The coronavirus and the COVID-19 pandemic caused widespread disruption and fundamental changes in the way we work—and these are still ongoing over one year later.

If like us you have long since been relegated to your home office, you might be feeling exhausted and burned out, but you might not understand why.

After all, working from home is so much better than working from the office: there’s no tedious and packed commute to endure; you can get out of bed much later; you’re not rushing between meeting rooms; and you have complete, unjudged access to your favourite snacks.

So, what’s with the burnout?


What is Work-From-Home Burnout?

Work-from-home (WFH) burnout is exactly what it sounds like—it’s a general feeling of exhaustion and demotivation when it comes to doing your job. It might cause you to feel irritable or anxious, and your work performance might suffer as a result. Some may also suffer from physical symptoms such as headaches or trouble sleeping.

WFH burnout means that even though working from your home office is, in theory, easier, you might find it much more difficult to get out of bed and face the working day than you would if you were still working from the office.


Why Does It Happen?

There are many reasons why you or other members of your team might suffer from WFH burnout and fatigue.

It often arises when people are unable to keep their work life and home life separate. This is something that has been made especially difficult by the pandemic. After all, there’s no shortage of examples of people who have been suddenly thrust from the office to hastily put together kitchen tabletop workspaces.

Pair this with the fact that we live in a connected world—people find it difficult to know when the workday ends and when their personal time begins as a result. Let’s face it, we’re all guilty of seeing a work-related notification come through to our phones outside of working hours and immediately responding to it.

This feeling of constantly being “on” can make people feel drained and burned out, especially in the current work-from-home climate where just one more email can easily turn into hours of excess work. Some are so impacted by it that it’s difficult for them to think about anything other than work, and that’s when burnout—a chronic form of fatigue—can start to set in.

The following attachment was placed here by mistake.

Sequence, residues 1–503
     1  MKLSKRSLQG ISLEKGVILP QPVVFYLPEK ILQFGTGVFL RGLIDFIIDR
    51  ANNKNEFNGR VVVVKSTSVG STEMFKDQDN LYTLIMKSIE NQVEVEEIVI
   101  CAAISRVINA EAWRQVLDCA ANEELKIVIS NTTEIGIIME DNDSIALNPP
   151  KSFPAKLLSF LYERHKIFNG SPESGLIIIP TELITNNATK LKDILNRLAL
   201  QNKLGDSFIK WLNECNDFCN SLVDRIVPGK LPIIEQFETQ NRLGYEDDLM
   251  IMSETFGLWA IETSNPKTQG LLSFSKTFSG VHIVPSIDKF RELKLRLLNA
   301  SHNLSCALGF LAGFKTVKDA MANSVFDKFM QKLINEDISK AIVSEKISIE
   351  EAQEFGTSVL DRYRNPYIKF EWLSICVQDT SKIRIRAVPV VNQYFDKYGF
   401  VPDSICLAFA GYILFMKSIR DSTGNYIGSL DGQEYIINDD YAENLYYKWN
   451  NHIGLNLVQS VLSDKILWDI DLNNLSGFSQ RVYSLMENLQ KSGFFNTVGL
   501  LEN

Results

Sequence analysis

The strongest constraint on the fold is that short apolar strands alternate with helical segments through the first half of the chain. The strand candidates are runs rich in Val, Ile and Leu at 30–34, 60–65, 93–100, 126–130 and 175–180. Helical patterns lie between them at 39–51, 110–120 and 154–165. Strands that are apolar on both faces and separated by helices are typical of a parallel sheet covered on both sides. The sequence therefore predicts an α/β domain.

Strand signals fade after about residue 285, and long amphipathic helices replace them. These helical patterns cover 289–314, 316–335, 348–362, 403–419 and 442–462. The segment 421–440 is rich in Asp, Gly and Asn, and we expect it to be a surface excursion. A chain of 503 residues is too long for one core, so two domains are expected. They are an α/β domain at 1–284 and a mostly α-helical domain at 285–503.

How to Recognize Work-From-Home Burnout

Work-from-home burnout might be tricky to spot during the pandemic. Not only are we all working remotely, but we’re all facing differing degrees of disruption, stress, and emotional problems.

Real, consistent burnout doesn’t go away quickly, and if someone on your team is suffering from it signs will begin to show. Signs to look out for in employees include:

  • Work not being completed on time
  • Mood changes, irritability, sadness, anger, frustration
  • Spending more time off with sickness
  • Inconsistent working hours (e.g., working in the middle of the night)
  • Expressing symptoms of depression, such as loss of interest in social events
  • General apathy towards their work and the company

It’s a good idea to watch out for these in yourself, too.


5 Ways to Help Your Team Beat WFH Burnout

As the world continues to trundle along in the new pandemic era, with no confirmed end in sight to widespread working from home, here are five ways you can help your team beat WFH burnout:


1. Schedule Fewer Meetings